I investigate more fully. Every lock on every door in the building has been replaced with a hotel-style card reader lock.

I have some problems with this:

  • It's not a rental. It's my @#$!#$ lock that they stole. I actually paid extra for the cheesy-overpriced fingerprint lock, which is precisely how I know it's overpriced.

  • The card reader lock does not have a keyhole nor a fingerprint reader, and I do not have a card to read.

  • In my mailbox, I find no notice whatsoever that this operation had been planned or executed.

  • The new lock is very poorly installed, in keeping with the shoddy construction work that has characterized this building all along. (Luckily, the contractor who built the place has high standards, and repeatedly sent each worker back until they did it right. So it's great work in the end. But he obviously hasn't seen this new crap yet.)

Naturally I break in (to my own home) through my other door, which has a perfectly normal easily pickable lock that completely defeats the purpose of the cheesy-overpriced lock I no longer have. I didn't have to pick it; since the last time, when my cheesy-overpriced lock decided it didn't want to let me in anymore, I make sure to carry a key for the perfectly normal lock with me at all times.

I come in.

Everything inside is normal.

It's the middle of the night.

I don't even know the superintendent's name.

I've lost his phone number.

It's time for bed now.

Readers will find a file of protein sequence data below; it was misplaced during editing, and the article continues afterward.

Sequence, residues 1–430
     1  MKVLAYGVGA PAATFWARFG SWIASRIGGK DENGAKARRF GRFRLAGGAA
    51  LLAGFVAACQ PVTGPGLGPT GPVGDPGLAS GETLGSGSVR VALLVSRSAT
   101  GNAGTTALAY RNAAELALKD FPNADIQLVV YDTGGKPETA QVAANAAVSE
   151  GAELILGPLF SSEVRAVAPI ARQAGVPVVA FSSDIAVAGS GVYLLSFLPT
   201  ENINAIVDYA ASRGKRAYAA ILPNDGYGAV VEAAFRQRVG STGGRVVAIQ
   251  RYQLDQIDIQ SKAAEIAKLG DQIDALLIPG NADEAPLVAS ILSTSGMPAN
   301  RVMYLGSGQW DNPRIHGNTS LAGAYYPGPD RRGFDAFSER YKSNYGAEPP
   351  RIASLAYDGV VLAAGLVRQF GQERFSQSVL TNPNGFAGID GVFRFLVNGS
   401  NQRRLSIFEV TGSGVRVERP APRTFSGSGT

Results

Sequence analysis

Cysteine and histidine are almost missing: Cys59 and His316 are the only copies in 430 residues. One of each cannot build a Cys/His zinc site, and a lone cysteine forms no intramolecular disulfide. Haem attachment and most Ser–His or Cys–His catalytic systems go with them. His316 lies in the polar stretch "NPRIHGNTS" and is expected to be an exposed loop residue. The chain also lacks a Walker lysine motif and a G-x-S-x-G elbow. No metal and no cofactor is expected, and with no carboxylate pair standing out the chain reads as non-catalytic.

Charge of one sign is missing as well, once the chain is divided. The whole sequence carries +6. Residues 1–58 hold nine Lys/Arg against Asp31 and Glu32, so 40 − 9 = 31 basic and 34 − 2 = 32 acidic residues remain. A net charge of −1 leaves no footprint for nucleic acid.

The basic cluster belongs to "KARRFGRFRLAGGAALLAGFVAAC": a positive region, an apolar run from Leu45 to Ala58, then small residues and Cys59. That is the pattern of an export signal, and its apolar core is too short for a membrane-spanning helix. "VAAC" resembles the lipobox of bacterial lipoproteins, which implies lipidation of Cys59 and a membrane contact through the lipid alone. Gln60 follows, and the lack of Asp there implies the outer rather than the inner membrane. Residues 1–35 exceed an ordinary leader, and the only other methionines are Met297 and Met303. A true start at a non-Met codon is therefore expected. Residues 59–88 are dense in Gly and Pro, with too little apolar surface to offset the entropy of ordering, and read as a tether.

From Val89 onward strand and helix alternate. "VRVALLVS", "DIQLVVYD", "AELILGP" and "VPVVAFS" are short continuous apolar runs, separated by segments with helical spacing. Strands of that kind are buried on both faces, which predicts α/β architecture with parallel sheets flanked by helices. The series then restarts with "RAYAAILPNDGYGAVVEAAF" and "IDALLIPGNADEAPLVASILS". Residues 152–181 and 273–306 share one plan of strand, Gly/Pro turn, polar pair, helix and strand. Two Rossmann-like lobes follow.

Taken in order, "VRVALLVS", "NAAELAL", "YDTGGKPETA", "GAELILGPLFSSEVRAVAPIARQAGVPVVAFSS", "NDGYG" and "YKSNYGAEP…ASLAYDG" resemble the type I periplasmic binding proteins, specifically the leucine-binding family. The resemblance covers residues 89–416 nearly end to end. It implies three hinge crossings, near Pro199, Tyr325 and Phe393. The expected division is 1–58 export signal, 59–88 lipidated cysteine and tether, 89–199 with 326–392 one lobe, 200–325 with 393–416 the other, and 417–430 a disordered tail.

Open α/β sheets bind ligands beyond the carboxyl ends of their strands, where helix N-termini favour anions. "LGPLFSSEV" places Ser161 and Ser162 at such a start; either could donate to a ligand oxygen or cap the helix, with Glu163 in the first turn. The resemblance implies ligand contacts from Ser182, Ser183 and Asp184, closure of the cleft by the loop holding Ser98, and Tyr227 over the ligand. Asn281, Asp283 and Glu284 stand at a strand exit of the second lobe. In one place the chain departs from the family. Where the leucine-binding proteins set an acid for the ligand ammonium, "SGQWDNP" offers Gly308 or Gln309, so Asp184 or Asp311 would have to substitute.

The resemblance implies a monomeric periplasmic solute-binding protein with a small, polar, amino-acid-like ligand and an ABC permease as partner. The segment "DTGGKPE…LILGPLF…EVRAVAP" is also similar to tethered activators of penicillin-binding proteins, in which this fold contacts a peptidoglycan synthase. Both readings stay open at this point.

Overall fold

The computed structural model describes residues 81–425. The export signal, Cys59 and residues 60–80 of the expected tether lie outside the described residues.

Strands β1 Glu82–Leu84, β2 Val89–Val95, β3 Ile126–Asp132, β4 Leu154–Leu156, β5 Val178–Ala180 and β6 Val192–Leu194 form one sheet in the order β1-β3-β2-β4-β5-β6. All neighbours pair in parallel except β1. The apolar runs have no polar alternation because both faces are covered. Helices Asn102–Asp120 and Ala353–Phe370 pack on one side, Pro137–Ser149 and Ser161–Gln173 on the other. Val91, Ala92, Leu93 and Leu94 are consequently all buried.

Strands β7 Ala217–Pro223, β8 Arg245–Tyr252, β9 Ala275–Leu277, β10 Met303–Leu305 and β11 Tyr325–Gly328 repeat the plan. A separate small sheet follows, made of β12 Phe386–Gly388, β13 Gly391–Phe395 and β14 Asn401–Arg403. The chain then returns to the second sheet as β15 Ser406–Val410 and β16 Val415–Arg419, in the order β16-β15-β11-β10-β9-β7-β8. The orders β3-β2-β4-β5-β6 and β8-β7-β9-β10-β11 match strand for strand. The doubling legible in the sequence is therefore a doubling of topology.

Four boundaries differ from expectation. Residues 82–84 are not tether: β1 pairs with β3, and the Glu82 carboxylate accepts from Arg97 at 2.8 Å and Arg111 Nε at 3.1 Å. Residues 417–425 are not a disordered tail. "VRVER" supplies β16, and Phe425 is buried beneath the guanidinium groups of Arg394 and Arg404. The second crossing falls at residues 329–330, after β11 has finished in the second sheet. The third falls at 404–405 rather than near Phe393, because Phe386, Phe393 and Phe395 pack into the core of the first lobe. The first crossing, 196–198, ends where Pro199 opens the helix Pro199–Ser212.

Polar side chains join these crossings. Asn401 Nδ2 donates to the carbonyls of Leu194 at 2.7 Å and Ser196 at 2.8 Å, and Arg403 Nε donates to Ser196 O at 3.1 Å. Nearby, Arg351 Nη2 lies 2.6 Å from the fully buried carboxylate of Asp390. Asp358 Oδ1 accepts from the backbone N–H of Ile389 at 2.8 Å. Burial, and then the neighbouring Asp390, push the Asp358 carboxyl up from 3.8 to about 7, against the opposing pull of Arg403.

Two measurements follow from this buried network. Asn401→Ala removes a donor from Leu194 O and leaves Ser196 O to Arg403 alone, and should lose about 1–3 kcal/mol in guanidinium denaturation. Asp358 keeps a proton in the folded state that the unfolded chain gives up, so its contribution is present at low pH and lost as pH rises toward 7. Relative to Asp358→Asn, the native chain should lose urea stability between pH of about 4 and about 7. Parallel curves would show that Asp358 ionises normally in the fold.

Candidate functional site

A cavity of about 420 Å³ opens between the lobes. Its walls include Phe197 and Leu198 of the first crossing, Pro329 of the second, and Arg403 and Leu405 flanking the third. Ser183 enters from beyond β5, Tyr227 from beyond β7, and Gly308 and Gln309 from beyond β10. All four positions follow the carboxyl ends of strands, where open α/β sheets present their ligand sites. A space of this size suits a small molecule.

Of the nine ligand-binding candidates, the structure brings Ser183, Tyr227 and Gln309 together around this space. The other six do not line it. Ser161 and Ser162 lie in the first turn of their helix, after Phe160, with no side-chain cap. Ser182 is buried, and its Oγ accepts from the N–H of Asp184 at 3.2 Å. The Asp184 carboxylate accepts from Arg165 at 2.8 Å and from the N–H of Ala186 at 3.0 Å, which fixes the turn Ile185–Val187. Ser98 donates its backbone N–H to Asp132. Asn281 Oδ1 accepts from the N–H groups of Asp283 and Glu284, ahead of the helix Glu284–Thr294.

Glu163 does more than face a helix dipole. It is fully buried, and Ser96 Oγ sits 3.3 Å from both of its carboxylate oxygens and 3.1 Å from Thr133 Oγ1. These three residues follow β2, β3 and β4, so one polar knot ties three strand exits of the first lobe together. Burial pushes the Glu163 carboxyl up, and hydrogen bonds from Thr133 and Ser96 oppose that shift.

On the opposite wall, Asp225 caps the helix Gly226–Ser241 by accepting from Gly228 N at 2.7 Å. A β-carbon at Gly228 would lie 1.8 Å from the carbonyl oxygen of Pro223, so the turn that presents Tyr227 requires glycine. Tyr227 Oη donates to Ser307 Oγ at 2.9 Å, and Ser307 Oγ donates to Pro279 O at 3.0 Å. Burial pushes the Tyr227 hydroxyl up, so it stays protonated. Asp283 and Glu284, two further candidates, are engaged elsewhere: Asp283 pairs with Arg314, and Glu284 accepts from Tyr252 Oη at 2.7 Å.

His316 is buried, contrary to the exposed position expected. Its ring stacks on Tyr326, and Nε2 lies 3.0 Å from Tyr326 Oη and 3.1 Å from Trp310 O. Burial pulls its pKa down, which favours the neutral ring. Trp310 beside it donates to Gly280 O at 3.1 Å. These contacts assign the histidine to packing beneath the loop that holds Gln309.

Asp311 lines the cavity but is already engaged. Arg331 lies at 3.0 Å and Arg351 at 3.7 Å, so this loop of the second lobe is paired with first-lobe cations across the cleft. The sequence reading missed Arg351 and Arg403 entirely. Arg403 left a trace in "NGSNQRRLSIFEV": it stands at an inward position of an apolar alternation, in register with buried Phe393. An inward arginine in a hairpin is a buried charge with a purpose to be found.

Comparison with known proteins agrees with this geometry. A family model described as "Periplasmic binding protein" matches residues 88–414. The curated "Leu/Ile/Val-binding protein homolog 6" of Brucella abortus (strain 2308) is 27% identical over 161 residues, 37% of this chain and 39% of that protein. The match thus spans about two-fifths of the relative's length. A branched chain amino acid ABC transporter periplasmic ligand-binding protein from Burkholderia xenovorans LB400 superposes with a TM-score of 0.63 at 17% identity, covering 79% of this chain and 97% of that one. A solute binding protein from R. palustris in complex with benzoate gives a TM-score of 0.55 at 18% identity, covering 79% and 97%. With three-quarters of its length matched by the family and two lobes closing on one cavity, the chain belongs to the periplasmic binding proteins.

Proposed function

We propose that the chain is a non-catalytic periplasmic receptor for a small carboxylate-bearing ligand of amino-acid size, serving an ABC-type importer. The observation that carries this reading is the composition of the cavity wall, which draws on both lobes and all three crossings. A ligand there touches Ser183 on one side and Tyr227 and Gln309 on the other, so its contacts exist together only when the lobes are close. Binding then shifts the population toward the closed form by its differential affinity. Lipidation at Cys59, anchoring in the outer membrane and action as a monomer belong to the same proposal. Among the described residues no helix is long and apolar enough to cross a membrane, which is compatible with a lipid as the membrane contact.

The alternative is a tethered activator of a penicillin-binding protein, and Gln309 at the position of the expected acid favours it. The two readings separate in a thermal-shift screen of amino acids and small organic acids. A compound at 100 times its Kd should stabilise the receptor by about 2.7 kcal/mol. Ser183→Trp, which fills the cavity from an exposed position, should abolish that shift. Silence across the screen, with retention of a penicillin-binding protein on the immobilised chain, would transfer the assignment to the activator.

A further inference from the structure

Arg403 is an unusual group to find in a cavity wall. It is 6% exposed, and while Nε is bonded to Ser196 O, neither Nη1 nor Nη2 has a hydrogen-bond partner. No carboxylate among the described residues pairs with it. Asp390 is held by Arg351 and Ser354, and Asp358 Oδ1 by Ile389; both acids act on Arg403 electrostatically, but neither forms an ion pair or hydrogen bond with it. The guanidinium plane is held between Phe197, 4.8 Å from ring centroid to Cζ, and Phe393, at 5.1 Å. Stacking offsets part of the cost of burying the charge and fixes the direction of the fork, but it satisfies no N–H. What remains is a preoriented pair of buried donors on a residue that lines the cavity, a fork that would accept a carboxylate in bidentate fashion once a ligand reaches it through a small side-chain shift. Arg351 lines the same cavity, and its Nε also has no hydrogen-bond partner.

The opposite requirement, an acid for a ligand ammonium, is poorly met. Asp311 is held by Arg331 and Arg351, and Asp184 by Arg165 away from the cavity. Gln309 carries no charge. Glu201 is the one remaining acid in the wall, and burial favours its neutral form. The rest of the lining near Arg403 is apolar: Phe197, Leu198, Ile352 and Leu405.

2007-12-19 »

On the efficiency of using auto-refactoring IDEs

    Imagine that you have a tool that lets you manage huge Tetris screens that are hundreds of stories high. In this scenario, stacking the pieces isn't a problem, so there's no need to be able to eliminate pieces. This is the cultural problem: they don't realize they're not actually playing the right game anymore. -- Steve Yegge

2007-12-21 »

Thread-free coroutines in C# 3.0

As I suspected, C# 3.0 has everything we need to accomplish a clone of WvCont from WvStreams in C++. It took a bit of fiddling to figure it out, but the final answer is simple and elegant.

The code below shows a ToAction() extension method that lets you convert any iterator into an Action, so that anywhere a "normal" callback is expected, you can provide a coroutine instead.

We do some non-obvious tricks with variable scoping in ToAction(), but that only has to be written once. The syntax for using it is simple.

using System;
using System.Collections;
using System.Linq;

public static class Example
{
    public static Action ToAction(this IEnumerable aie)
    {
    bool must_reset = false;
    IEnumerator ie = aie.GetEnumerator();
    return new Action(delegate() { 
        if (must_reset)
        ie = aie.GetEnumerator();
        must_reset = !ie.MoveNext();
    });
    }

    static IEnumerable demofunc(string prefix, int start, int end)
    {
    for (int i = start; i <= end; i++)
    {
        Console.WriteLine("{0}: {1}", prefix, i);
        yield return null;
    }
    // falling through here is like an extra yield
    }

    public static void Main()
    {
    Action a1 = demofunc(" *   ", 1, 3).ToAction();
    Action a2 = demofunc("   * ", 100, 200).ToAction();

    for (int i = 0; i < 10; i++)
    {
        a1();
        a2();
    }
    }
}

And the output looks like this:

 *   : 1
   * : 100
 *   : 2
   * : 101
 *   : 3
   * : 102
   * : 103
 *   : 1
   * : 104
 *   : 2
   * : 105
 *   : 3
   * : 106
   * : 107
 *   : 1
   * : 108
 *   : 2
   * : 109

The above program requires Mono 1.2.6 or higher (compile with "-langversion:linq") in Linux, or .NET 3.5 or higher in Windows.

November 2007
January 2008

Why would you follow me on twitter? Use RSS.
apenwarr-on-gmail.com